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Optics Express

Optics Express

  • Editor: C. Martijn de Sterke
  • Vol. 15, Iss. 2 — Jan. 22, 2007
  • pp: 402–407
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A three-dimensional wide-angle BPM for optical waveguide structures

Changbao Ma and Edward Van Keuren  »View Author Affiliations


Optics Express, Vol. 15, Issue 2, pp. 402-407 (2007)
http://dx.doi.org/10.1364/OE.15.000402


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Abstract

Algorithms for effective modeling of optical propagation in three- dimensional waveguide structures are critical for the design of photonic devices. We present a three-dimensional (3-D) wide-angle beam propagation method (WA-BPM) using Hoekstra’s scheme. A sparse matrix algebraic equation is formed and solved using iterative methods. The applicability, accuracy and effectiveness of our method are demonstrated by applying it to simulations of wide-angle beam propagation, along with a technique for shifting the simulation window to reduce the dimension of the numerical equation and a threshold technique to further ensure its convergence. These techniques can ensure the implementation of iterative methods for waveguide structures by relaxing the convergence problem, which will further enable us to develop higher-order 3-D WA-BPMs based on Padé approximant operators.

© 2007 Optical Society of America

1. Introduction

The classical finite-difference beam propagation method (FD-BPM) [1

01. M. D. Feit and J. A. Fleck Jr., “Light propagation in graded-index optical fibers,” Appl. Opt. 17,3990–3998 (1978). [CrossRef] [PubMed]

-5

05. Y. Chung and N. Dagli, “An assessment of finite difference beam propagation,” J. Quantum. Electron. 26,1335–1339 (1990). [CrossRef]

] is a technique for calculating the electromagnetic field transmitted through materials with inhomogeneous refractive index profiles. The electric field is discretized on a planar grid perpendicular to the direction of propagation. The field on the following plane is calculated based on a numerical solution of the scalar Helmholtz equation using the Crank-Nicholson scheme [6

06. W. H. Press, B. P. Flannery, S. A. Teukolsky, and W. T. Vettering, Numerical recipes: The art of scientific computing, (Cambridge University Press, New York, 1986).

], and solved using the highly efficient Thomas algorithm [6

06. W. H. Press, B. P. Flannery, S. A. Teukolsky, and W. T. Vettering, Numerical recipes: The art of scientific computing, (Cambridge University Press, New York, 1986).

] along with transparent boundary conditions (TBC) [7

07. G. R. Hadley, “Transparent boundary condition for beam propagation,” Opt. Lett. 16,624–626 (1991). [CrossRef] [PubMed]

]. BPM simulations have been used extensively to simulate propagation in 2-D, but 3-D methods are more difficult to implement. 3-D algorithms for the paraxial case have been simplified using the alternating-direction implicit (ADI) method [6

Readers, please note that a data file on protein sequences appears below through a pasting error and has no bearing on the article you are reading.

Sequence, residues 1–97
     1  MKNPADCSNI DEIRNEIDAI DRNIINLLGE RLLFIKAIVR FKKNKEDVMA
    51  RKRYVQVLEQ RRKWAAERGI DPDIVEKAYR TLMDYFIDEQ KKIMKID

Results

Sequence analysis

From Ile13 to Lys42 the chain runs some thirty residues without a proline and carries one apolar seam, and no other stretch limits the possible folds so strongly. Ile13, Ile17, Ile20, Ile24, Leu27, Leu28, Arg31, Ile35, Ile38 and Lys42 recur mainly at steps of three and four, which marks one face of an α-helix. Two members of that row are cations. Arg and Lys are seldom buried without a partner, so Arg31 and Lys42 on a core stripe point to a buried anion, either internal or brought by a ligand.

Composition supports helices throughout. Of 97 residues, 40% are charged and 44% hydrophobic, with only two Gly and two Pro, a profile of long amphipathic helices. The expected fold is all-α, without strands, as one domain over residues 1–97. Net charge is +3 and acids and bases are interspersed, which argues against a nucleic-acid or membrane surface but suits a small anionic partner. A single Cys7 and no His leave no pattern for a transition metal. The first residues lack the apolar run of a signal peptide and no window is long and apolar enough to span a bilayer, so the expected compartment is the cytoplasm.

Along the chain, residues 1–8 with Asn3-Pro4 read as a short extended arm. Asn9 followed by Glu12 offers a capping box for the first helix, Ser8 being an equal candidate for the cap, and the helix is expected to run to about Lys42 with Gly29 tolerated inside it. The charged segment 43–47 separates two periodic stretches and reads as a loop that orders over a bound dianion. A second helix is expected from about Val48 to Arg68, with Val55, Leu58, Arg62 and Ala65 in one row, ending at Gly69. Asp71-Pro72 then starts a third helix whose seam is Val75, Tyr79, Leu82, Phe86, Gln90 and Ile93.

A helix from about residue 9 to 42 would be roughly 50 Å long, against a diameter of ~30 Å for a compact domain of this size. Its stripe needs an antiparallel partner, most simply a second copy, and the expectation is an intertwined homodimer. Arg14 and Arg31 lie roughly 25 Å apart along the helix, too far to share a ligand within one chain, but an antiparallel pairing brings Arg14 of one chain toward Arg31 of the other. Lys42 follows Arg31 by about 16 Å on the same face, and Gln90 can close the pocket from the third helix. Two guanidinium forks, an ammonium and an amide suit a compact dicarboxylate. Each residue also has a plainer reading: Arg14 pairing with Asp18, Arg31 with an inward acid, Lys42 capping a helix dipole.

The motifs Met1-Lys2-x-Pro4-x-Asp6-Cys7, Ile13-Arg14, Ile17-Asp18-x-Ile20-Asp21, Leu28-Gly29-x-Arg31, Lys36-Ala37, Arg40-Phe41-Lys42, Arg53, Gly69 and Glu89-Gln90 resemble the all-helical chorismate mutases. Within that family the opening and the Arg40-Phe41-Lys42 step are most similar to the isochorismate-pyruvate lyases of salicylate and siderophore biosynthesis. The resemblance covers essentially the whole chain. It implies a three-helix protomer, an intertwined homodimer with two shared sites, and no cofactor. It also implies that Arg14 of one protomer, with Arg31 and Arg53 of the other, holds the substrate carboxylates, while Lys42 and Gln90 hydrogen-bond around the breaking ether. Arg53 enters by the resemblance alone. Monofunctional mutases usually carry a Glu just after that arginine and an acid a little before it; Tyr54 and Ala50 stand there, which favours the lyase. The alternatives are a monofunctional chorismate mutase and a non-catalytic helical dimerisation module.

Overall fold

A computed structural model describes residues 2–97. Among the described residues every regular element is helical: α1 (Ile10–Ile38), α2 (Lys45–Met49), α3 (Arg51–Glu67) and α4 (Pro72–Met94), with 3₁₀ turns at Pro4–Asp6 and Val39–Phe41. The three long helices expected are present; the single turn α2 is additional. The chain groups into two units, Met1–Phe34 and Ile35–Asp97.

06. W. H. Press, B. P. Flannery, S. A. Teukolsky, and W. T. Vettering, Numerical recipes: The art of scientific computing, (Cambridge University Press, New York, 1986).

] by splitting the 3-D equation into two 2-D steps. Besides the limitation to paraxial beams, these methods also restrict the simulations to a low refractive index contrast ratio between the core and cladding of the waveguide [4

04. R. Scarmozzino, A. Gopinath, R. Pregla, and S. Helfert, “Numerical techniques for modeling guided-wave photonic devices,” IEEE J. Sel. Top. Quantum Electron. 6,150–161 (2000). [CrossRef]

-5

05. Y. Chung and N. Dagli, “An assessment of finite difference beam propagation,” J. Quantum. Electron. 26,1335–1339 (1990). [CrossRef]

, 8

08. M. D. Feit and J. A. Fleck Jr., “Analysis of rib waveguides and couplers by the propagation method,” J. Opt. Soc. Am A 7,73–79 (1990). [CrossRef]

-9

09. C. Vassallo, “Reformulation for the beam-propagation method,” J.Opt. Soc. Am. A 10,2208–2216 (1993). [CrossRef]

]. Efforts have been taken to relax these limitations for wide-angle (WA) simulations [10

10. J. Gerdes and R. Pregla, “Beam-propagation algorithm based on the method of lines,” J. Opt. Soc. Amer. A 8,389–394 (1991). [CrossRef]

-19

19. Z. Ju, J. Fu, and E. Feng, “A simple wide-angle beam-propagation method for integrated optics,” Microwave Opt. Technol. Lett. 14,345–347 (1997). [CrossRef]

], of which the 2-D wide-angle BPM based on Hoekstra’s scheme [18

18. H. J. W. M. Hoekstra, G. J. M. Krijnen, and P. V. Lambeck, “On the accuracy of the finite difference method for applications in beam propagating techniques,” Opt. Commun. 94,506–508 (1992). [CrossRef]

, 19

19. Z. Ju, J. Fu, and E. Feng, “A simple wide-angle beam-propagation method for integrated optics,” Microwave Opt. Technol. Lett. 14,345–347 (1997). [CrossRef]

] is simple and practical, because the wide-angle term is included in the formulation by simply replacing the second-order derivative using the derivative of the first-order derivatives. Hadley has also developed WA-BPMs using the Padé approximant operators and the multistep method, which are widely used for 2-D structures, which, however, the author has also claimed to be restricted for 3-D structures due to the lack of efficient solvers [16

16. G. R. Hadley, “Wide-angle beam propagation using Padé approximant operators,” Opt. Lett. 17,1426–1428 (1992). [CrossRef] [PubMed]

, 17

17. G. R. Hadley, “Multistep method for wide-angle beam propagation,” Opt. Lett. 17,1743–1745 (1992). [CrossRef] [PubMed]

]. A 3-D wide-angle BPM was recently developed using the efficient Thomas algorithm, Hoekstra’s scheme and the splitting of the 3-D Fresnel wave equation into three 2-D wave equations [20

20. C. Ma and E. V. Keuren, “A simple three dimensional wide-angle beam propagation method,” Opt. Express 14,4668–4674 (2006). [CrossRef] [PubMed]